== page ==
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Assessment of energy savings Benefits of mechanical pre-heater and blending silo feeding with bucket elevators 1.

Introduction With ever increasing energy and fuel costs the cement industry, like other energy intensive industrial sectors, is compelled to continuously examine potentials for energy savings. Significant investment in new techniques and plant upgrading have been made in recent years to remain competitive in a tight market. Reduction of energy consumption and productivity of the plant are major issues for all cement plant operators and investors. New technological developments have made dry process plants very efficient with reduced electrical and thermal energy requirements. Research and development of equipment and technology suppliers to the cement industry has certainly taken a major part in the optimization process and provided tools to improve energy efficiency and avoid waste of energy. One of these tools with a potential impact on productivity is the use of state-ofthe-art bucket elevators instead of pneumatic transport systems to feed the pre-heater and blending silo. Mechanical conveying with bucket elevators has proved to be beneficial in various applications by reducing energy consumption and brought about a more efficient use of available energy in existing plants. The present article demonstrates the advantages accompanying the use of belt bucket elevators for raw meal feeding of blending silos and pre-heaters versus the use of airlifts. 2. Developments For many years airlifts were the conventional equipment for feeding of blending silos and pre-heaters. Easy operation was regarded as their main advantage. However, pneumatic systems are big energy consumers and with increasing energy and fuel costs, plant operators are more and more inclined to look at alternative solutions. Development of belt bucket elevators nowadays allows to handle large capacities with lifts up to 140 m and make bucket elevators an economic alternative to pneumatic transport system.

The rapid pace of development in mechanical bulk material handling with bucket elevators is demonstrated with a review of the past 20 years (refer to Chart 1). To satisfy the increasing production output of modern dry process kilns, conveying capacities have more than doubled and lifts have increased by nearly 80% to match the four or five-stage pre-heaters. Considering these substantially increased capacities and lifts, the related power requirements remain remarkably low, an achievement of constant efforts in research and development.

Chart no. 1 - Development of Belt Bucket Elevators over the past 20 years

1600 1400 1200 1000 800 600 400 200 0 80



810 620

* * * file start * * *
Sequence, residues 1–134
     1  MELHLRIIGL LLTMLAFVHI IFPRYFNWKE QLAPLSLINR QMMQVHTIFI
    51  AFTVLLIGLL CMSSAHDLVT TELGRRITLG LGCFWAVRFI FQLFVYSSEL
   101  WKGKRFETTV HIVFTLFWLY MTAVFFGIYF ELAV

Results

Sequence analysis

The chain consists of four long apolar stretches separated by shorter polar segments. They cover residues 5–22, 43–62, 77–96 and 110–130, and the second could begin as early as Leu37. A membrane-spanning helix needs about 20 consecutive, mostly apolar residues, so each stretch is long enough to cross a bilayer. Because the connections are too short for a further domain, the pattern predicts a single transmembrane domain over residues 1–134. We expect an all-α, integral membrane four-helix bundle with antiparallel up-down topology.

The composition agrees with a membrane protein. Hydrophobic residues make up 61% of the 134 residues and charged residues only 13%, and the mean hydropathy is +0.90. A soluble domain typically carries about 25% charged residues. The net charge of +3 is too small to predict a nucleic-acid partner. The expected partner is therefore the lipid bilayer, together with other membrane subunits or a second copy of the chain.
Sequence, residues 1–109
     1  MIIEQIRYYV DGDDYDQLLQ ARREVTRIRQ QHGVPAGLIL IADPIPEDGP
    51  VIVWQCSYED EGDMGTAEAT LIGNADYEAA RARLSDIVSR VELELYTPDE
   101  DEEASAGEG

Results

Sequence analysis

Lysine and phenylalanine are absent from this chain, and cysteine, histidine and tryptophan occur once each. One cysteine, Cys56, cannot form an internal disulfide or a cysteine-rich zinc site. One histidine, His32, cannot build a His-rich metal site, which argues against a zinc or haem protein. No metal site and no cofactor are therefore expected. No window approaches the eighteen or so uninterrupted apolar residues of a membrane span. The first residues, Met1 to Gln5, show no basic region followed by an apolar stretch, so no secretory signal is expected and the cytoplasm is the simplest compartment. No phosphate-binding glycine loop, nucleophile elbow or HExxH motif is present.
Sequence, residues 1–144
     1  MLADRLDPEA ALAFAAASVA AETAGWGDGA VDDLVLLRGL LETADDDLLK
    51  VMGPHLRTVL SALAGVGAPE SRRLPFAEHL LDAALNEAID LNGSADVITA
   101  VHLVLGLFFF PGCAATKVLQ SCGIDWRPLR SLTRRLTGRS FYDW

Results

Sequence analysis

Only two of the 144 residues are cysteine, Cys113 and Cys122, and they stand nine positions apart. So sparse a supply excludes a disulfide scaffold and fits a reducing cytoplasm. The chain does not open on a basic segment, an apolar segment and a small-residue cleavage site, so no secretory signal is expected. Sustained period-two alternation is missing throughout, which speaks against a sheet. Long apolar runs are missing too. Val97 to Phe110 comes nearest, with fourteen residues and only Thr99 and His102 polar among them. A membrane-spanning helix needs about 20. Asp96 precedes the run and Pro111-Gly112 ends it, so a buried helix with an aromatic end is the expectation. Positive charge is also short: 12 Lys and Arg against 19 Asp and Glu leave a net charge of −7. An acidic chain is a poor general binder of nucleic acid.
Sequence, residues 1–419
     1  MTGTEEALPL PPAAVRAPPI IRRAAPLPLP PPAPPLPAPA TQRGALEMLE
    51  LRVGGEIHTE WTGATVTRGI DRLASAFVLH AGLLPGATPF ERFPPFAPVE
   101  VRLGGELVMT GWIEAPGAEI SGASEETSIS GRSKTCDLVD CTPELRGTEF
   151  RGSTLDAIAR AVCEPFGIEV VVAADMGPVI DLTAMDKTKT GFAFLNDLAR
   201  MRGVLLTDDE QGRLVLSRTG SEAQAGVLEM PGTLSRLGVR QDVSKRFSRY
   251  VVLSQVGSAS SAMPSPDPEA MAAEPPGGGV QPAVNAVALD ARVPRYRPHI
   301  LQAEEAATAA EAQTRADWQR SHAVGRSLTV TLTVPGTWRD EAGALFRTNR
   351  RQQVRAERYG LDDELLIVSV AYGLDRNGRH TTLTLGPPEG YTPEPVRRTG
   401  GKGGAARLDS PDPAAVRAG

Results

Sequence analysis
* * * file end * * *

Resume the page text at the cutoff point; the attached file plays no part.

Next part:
200 93 220 280 120 140 360





CC m

Capacity t/h

Installed power kW

3. Advantages of bucket elevators over airlifts for raw meal feeding

Comparing bucket elevator feeding of blending silos and pre-heaters with pneumatic feeding, three prominent advantages are evident. Experience has shown that by eliminating the rotary piston blower required with the pneumatic transport system :

2/3 of the electrical energy can be saved the dedusting volume is substantially reduced the noise level is considerably reduced

With a bucket elevator the power required to remove the air introduced into the process by the airlift, can be saved. In addition, in existing installations, always depending on the individual kiln process and operation, the thermal energy provided by the spare hot gas volume of the ID fan may be used for other sections in the process resulting in increased drying efficiency and thus higher productivity.

4. Savings achieved with Bucket Elevators Looking at the financial incentive, we take the example of a clinker production line with a capacity of 3.000 / 3.300 t/d representing an average pre-heater feeding rate of 225 t/h and a blending silo feeding rate of 300 t/h. The lift for silo feeding is assumed with 60 m and the lift for pre-heater feeding is assumed with 100 m.

4.1 Savings on electric power required for the airlift Considerable savings are achieved by eliminating the rotary piston blower required to drive the airlift. Based on the present example, the power required to lift the raw material to the top of the blending silo and the pre-heater tower amounts to 520 kW with the airlift and to 129 kW with the bucket elevator resulting in a total saving of 391 kW as shown in chart no. 2.
Chart no. 2 - Power Savings on conveying

Saving = 391 kW 300 required power kW 250 200 150 100 50 0 Airlift 58 71 240 280 Silo feeding Preheater feeding


4.2 Savings on dedusting volume and related power The savings on dedusting volume and the related electric power is shown in chart no. 3, providing a further 9 kW resulting from 20.000 m/h or 20 kW with the airlift vs. 11.000 m/h or 11 kW with the bucket elevator.
Chart no. 3 - Power savings on dedusting

Saving = 9.000 m or 9 kW

dedusting air m/h

20.000 18.000 12.000 6.000 0 0 Airlift Elevator 6.000 5.000 Silo feeding Preheater feeding

4.3 Savings on ID fan A major item are the savings on the ID fan. An additional 56 kW can be added to the total amount of savings by taking into account the exhaust air volume of 28,000 m/h produced by the airlift (Chart no. 4).
Chart no. 4 - Power saving on Exhaust fan

Saving = 28.000 m/h or 56 kW 30.000 required air m/h 20.000 10.000 0 0 Airlift Elevator Preheater feeding